Significant buildings
KUNSTEN Museum of Modern Art Aalborg, Denmark (1958–72)
1921–1923: Bell tower of Kauhajärvi Church, Lapua, Finland
1924–1928: Municipal hospital, Alajärvi, Finland
1926–1929: Defence Corps Building, Jyväskylä, Finland
1927–1935: Municipal library, Viipuri, Finland (now Vyborg, Russia)
1928–1929, 1930: Turun Sanomat newspaper offices, Turku, Finland
1928–1929: Paimio Sanatorium, Tuberculosis sanatorium and staff housing, Paimio, Finland
1931: Central University Hospital, Zagreb, Croatia (former Yugoslavia)
1932: – Villa Tammekann, Tartu, Estonia
1934: Corso theatre, restaurant interior, Zürich, Switzerland
1936–1938: Ahlstrom Sunila Pulp Mill, Housing, and Town Plan, Kotka
1937–1939: Villa Mairea, Noormarkku, Finland
1939: Finnish Pavilion, at the 1939 New York World's Fair
1947–1948: Baker House, Massachusetts Institute of Technology, Cambridge, Massachusetts, USA
1949–1966: Helsinki University of Technology, Espoo, Finland
1949–1952: Säynätsalo Town Hall, 1949 competition, built 1952, Säynätsalo (now part of Jyväskylä), Finland
1950–1957: Kansaneläkelaitos (National Pension Institution) office building, Helsinki, Finland
Furniture and glassware
Tea cart (tea trolley)
Armchair 400 with reindeer fur
1932: Paimio Chair
1933: Three-legged stacking Stool 60
1933: Four-legged Stool E60
1935-6: Armchair 404 (a/k/a/ Zebra Tank Chair)
1939: Armchair 406
1954: Floor lamp A805
1959: Floor lamp A810
1936: Aalto Vase
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Fallingwater or Kaufmann
Residence is a house designed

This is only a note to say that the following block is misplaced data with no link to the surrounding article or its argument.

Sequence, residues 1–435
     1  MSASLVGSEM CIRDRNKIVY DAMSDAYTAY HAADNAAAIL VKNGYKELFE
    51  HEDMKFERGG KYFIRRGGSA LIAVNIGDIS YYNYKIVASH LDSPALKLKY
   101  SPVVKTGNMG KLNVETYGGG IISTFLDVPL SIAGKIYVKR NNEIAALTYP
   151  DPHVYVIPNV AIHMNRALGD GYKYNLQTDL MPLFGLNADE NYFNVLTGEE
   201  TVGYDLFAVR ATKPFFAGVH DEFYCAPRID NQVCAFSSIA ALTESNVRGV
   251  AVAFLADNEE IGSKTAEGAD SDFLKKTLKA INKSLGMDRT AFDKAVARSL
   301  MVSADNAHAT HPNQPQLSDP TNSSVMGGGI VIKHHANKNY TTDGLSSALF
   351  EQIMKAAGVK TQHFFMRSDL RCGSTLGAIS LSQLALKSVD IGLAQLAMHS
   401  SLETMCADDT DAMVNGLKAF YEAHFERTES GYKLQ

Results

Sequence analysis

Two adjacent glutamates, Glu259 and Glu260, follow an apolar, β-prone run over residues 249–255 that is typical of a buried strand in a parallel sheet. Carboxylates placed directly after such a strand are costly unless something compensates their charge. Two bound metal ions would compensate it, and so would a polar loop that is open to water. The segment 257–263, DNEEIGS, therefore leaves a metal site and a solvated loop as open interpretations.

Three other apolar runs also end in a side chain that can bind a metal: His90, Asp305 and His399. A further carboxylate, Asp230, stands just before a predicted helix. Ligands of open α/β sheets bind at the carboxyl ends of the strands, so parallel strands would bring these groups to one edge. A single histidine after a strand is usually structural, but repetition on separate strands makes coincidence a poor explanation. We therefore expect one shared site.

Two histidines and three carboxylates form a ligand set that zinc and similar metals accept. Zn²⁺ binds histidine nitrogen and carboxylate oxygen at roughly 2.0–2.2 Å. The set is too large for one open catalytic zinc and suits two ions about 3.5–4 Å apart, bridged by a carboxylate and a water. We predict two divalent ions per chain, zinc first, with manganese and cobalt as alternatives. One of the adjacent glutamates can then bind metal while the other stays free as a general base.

by architect Frank Lloyd
Wright in 1935 in rural
southwestern Pennsylvania, 43
of Pittsburgh. The home was
built partly over a waterfall
on Bear Run in the Mill Run
Pennsylvania, in the Laurel
Highlands of the Allegheny
Hailed by Time shortly after its
completion as Wright's "most
beautiful job", it is listed
among Smithsonian's Life List of
28 places "to visit before you
die." It was designated a National
Historic Landmark in 1966. In
1991, members of the American
Institute of Architects named the
house the "best all-time work of
American architecture" and in
2007, it was ranked twenty-ninth
on the list of America's Favorite
Architecture according to the AIA
Design and construction
Once Wright had decided the location of the house, he had the
obvious problem of building it there. The location of the north
bank of Bear Run was not large enough to provide a foundation for
a typically built Wright house. Beyond this issue, there were also
the clients' needs that had to be met. The Kaufmanns planned to
entertain large groups of people, so the house would need to be
larger than the plot allowed. Also, Mr. and Mrs. Kaufmann
requested separate bedrooms as well as a bedroom for their adult
son and an additional guest room.
Wright's solution to the problem of space came when he
decided on a cantilevered structure.
The structural design for Fallingwater was undertaken by
Wright in association with staff engineers Mendel
Glickman and William Wesley Peters, who had been
responsible for the columns featured in Wright’s
revolutionary design for the Johnson Wax Headquarters.
approval on October
15, 1935, after which
Wright made a further
visit to the site and
estimate for the job.
In December 1935 an
old rock quarry was
reopened to the west
of the site to provide
the stones needed for
the house’s walls.
Wright only made
periodic visits during
construction, instead
final working drawings
were issued by Wright
in March 1936 with
work beginning on the
bridge and main house
in April 1936.